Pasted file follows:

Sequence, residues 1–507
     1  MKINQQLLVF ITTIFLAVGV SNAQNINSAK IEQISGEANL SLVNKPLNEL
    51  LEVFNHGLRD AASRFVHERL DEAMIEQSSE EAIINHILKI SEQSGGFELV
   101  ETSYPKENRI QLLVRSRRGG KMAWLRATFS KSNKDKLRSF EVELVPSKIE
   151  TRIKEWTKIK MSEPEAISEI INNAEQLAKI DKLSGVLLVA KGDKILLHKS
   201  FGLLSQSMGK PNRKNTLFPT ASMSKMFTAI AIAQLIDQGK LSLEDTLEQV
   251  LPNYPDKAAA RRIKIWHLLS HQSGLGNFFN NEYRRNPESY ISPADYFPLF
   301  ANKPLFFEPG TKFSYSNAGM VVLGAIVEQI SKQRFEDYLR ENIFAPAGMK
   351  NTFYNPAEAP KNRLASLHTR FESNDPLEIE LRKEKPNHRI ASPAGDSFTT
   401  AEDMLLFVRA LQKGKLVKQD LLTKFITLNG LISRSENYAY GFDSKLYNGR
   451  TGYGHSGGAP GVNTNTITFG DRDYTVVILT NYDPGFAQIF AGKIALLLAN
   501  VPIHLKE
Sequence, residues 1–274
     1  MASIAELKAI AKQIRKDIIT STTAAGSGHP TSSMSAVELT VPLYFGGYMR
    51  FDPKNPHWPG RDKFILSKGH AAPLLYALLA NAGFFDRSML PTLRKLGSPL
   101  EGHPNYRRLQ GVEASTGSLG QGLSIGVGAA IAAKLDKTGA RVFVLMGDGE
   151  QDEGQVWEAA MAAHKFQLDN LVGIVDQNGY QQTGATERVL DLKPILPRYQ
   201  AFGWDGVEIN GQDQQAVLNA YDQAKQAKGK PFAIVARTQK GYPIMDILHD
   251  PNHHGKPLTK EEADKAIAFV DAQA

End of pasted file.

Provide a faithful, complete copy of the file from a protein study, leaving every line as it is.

Sequence, residues 1–507
     1  MKINQQLLVF ITTIFLAVGV SNAQNINSAK IEQISGEANL SLVNKPLNEL
    51  LEVFNHGLRD AASRFVHERL DEAMIEQSSE EAIINHILKI SEQSGGFELV
   101  ETSYPKENRI QLLVRSRRGG KMAWLRATFS KSNKDKLRSF EVELVPSKIE
   151  TRIKEWTKIK MSEPEAISEI INNAEQLAKI DKLSGVLLVA KGDKILLHKS
   201  FGLLSQSMGK PNRKNTLFPT ASMSKMFTAI AIAQLIDQGK LSLEDTLEQV
   251  LPNYPDKAAA RRIKIWHLLS HQSGLGNFFN NEYRRNPESY ISPADYFPLF
   301  ANKPLFFEPG TKFSYSNAGM VVLGAIVEQI SKQRFEDYLR ENIFAPAGMK
   351  NTFYNPAEAP KNRLASLHTR FESNDPLEIE LRKEKPNHRI ASPAGDSFTT
   401  AEDMLLFVRA LQKGKLVKQD LLTKFITLNG LISRSENYAY GFDSKLYNGR
   451  TGYGHSGGAP GVNTNTITFG DRDYTVVILT NYDPGFAQIF AGKIALLLAN
   501  VPIHLKE
Sequence, residues 1–274
     1  MASIAELKAI AKQIRKDIIT STTAAGSGHP TSSMSAVELT VPLYFGGYMR
    51  FDPKNPHWPG RDKFILSKGH AAPLLYALLA NAGFFDRSML PTLRKLGSPL
   101  EGHPNYRRLQ GVEASTGSLG QGLSIGVGAA IAAKLDKTGA RVFVLMGDGE
   151  QDEGQVWEAA MAAHKFQLDN LVGIVDQNGY QQTGATERVL DLKPILPRYQ
   201  AFGWDGVEIN GQDQQAVLNA YDQAKQAKGK PFAIVARTQK GYPIMDILHD
   251  PNHHGKPLTK EEADKAIAFV DAQA